‘Hot Tub Time Machine 2’ Was Not A Relaxing Second Dip (Movie Review)

Hot Tub Time Machine 2: 2 out of 5

Nick:  Smells like hatred.

In 2010, I was excited to see a film that sold me on Craig Robinson looking into the camera and spouting the words “Hot Tub Time Machine.”  Given that the film had such a ludicrous title to begin with, the cast going the extra mile to make something so silly it came back to being pretty funny again just in the way of the premise was enough to have me excited.  The fact that the film delivered on being more than just a silly title is what left me impressed.  The film was a gross-out comedy with a sci-fi twist fitting of the 80s body switching craze.  It also had a solid cast and a mix of clever and absurdist humor to make it more worthwhile.  Now we have the sequel, with its existence seeming as perplexing as the concept of time travel.  The lack of the charm and some of the same stars did not help, as this film left me wanting to get out, dry off, and mingle with a different crowd.

We see the return of three of the lead characters from the first film, Lou (Rob Corddry), Nick (Craig Robinson), and Jacob (Clark Duke).  Missing is John Cusack as Adam, but even looking at some of Cusack’s recent VOD releases, it still seems like he made the right decision.  Anyway, the gang is back and the film continues on with the new reality the guys created for themselves at the end of the first film.  For various reasons…actually, I should just say it directly:  after Lou takes a shotgun blast to the groin, the guys hop back in the hot tub time machine in order to solve the mystery of who attempted to kill Lou.  As this hot tub time machine seems to function on its own accord (the films are really pretty loose with this), the guys are shot into the future, where they deal with all kinds of new developments and people, including Adam’s son played by Adam Scott.  If these guys are able to keep it together, they will have just the chance they need to make everything right-ish.

Despite a rocky opening free of big laughs, there was a point where I thought returning writer Josh Heald and returning director Steve Pink found a way to actually tackle a sequel to the first film, where these guys really dove into what their past activities ended up doing to the future.  As the film continued, I realized I was very wrong and any semblance of true cleverness was instead replaced with easy references to other time travel movies and plotting that ends up not making all that much of a difference, other than providing excuses for dirty jokes.  The first film was not exactly a head scratcher, when it came to the time travel logic either, but to go along with the raunchy humor, that film had a sort of silly charm and heart that kept it likable.  While Hot Tub Time Machine 2 does not exactly go the Hangover Part II route of recycling all of the same jokes, it does share the similarity of being bigger and more mean-spirited than the first.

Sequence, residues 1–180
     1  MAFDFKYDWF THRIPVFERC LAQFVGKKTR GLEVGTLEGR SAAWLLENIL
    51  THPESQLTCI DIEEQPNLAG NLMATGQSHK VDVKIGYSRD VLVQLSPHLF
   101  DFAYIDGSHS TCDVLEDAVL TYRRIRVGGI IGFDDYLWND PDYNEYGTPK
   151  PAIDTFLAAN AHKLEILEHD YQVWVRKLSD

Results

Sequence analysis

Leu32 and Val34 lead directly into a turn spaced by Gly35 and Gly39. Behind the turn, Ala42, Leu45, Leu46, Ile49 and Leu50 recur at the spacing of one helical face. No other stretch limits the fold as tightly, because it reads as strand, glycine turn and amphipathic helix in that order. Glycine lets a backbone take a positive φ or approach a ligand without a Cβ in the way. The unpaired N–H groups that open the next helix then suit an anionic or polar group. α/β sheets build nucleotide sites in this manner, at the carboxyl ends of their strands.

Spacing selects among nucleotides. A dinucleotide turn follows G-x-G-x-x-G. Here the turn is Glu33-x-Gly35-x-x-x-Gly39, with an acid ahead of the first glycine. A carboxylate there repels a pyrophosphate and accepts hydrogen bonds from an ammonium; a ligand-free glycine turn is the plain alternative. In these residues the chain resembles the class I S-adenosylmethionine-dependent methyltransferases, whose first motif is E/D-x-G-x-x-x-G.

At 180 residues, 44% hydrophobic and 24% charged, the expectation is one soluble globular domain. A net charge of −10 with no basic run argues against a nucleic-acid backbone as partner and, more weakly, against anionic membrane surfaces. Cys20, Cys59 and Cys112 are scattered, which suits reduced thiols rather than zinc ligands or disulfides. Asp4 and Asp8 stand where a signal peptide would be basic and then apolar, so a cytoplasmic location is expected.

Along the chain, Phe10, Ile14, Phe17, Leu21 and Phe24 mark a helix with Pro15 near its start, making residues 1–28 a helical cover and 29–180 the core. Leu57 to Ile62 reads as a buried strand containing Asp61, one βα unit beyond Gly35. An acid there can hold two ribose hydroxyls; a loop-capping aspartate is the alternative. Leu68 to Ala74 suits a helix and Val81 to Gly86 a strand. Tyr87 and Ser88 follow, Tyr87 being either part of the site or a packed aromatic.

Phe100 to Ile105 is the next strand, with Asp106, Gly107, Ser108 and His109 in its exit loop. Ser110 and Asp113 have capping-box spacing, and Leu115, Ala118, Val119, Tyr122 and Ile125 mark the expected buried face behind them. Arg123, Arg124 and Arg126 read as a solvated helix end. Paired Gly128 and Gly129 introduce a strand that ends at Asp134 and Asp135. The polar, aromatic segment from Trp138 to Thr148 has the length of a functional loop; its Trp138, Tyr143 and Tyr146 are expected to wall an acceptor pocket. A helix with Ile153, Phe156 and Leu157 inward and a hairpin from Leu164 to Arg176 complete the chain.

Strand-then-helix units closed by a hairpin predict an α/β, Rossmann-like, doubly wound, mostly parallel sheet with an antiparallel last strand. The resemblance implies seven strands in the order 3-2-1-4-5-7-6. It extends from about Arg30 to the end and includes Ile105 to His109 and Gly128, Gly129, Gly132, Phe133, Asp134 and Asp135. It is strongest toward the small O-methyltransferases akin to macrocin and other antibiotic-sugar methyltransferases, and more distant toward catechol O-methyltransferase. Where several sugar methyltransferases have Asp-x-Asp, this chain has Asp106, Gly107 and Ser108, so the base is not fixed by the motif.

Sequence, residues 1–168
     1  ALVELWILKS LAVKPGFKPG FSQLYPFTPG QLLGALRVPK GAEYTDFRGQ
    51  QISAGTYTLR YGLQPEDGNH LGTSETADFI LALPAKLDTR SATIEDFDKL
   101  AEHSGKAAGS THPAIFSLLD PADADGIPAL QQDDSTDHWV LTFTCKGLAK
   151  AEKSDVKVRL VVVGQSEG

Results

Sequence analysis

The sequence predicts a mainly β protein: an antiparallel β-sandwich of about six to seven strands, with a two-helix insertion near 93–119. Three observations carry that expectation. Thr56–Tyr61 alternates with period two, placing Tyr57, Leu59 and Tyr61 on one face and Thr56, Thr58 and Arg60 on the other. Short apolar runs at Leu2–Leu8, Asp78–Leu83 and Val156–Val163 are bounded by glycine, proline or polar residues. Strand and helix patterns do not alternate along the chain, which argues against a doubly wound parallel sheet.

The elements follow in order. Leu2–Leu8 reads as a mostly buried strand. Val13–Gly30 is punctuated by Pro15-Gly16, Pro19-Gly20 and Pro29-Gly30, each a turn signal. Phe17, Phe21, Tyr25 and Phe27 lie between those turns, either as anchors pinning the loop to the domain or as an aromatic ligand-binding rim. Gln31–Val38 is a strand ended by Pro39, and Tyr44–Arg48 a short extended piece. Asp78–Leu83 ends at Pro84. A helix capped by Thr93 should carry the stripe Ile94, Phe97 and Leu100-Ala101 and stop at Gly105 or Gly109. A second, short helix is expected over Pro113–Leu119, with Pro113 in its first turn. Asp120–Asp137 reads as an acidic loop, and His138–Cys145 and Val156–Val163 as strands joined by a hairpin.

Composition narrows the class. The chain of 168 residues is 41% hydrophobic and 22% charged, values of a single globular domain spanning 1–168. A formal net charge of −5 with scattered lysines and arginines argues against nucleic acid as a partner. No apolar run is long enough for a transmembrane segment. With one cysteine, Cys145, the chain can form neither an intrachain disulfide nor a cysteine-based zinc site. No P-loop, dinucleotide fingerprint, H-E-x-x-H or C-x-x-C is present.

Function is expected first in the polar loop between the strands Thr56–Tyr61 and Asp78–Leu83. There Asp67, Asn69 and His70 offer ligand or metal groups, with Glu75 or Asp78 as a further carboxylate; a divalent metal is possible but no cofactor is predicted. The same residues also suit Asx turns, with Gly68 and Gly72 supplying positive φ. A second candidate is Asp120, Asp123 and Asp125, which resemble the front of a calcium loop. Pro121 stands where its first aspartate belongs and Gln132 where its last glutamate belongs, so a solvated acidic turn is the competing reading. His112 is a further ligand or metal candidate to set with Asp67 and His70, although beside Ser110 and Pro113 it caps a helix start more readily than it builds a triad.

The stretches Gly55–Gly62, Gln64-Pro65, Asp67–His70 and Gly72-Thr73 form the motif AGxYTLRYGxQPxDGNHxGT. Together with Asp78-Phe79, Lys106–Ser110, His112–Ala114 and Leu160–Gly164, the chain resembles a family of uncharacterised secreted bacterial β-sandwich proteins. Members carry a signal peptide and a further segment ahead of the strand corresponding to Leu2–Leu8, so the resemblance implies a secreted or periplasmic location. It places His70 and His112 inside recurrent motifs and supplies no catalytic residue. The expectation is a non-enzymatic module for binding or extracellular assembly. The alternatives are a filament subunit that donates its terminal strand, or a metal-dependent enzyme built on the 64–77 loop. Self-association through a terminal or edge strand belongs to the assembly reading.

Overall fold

Really, I wanted to laugh and took every opportunity to do so when something generally funny happened, but those moments were unfortunately far in between each other, with a sense of urgency focused on disgusting and daring the audience, rather than be more creative.  There is a scene in this film that managed to go to the lengths of being more offensive than anything seen in Kingsman and feature the kind of abuse that Fifty Shades of Grey was falsely accused of having.  I am not sure if Hot Tub Time Machine 2 set out to be even wackier (in a very dark sort of way) than the very two films released one week prior, but it put the film in a place that it could not recover from, as a whole, at that point.

I am saying the film has its moments though.  The chemistry between these guys is decent enough, even if the jokes between them are much meaner.  There were also a few ideas concerning the futuristic setting of the film (2025) that made for some clever moments and gags.  It is just a shame that not more was done with how these guys really changed the world, given their now direct involvement with the history of the world and technologically.  Yes, this is a goofy comedy, but while the first one embraced the idea of friendship and relationships, this sequel goes a different direction, which is good, but does not do nearly enough to blend the goofiness with the potential it had mess around in the future in a more enjoyable way.

Continuing to prove the rarity of a worthwhile comedy sequel, Hot Tub Time Machine 2 does not manage to get across enough laughs to make this anything more than another look at a raunchy group of guys, minus a few of the things that seemingly held it together.  The absence of John Cusack may or may not be the sole reason this film is a mess of unfunny gags and offensive humor, but the minor laughs to be had are not enough to make up for all the stuff that does not work.  The lead actors are certainly happy to be back for more, but this second dip in the tub is too crass and lacking in much else to make it work against the odds in the same way its predecessor did.

Lou: We’ve gotta make America happen bro!


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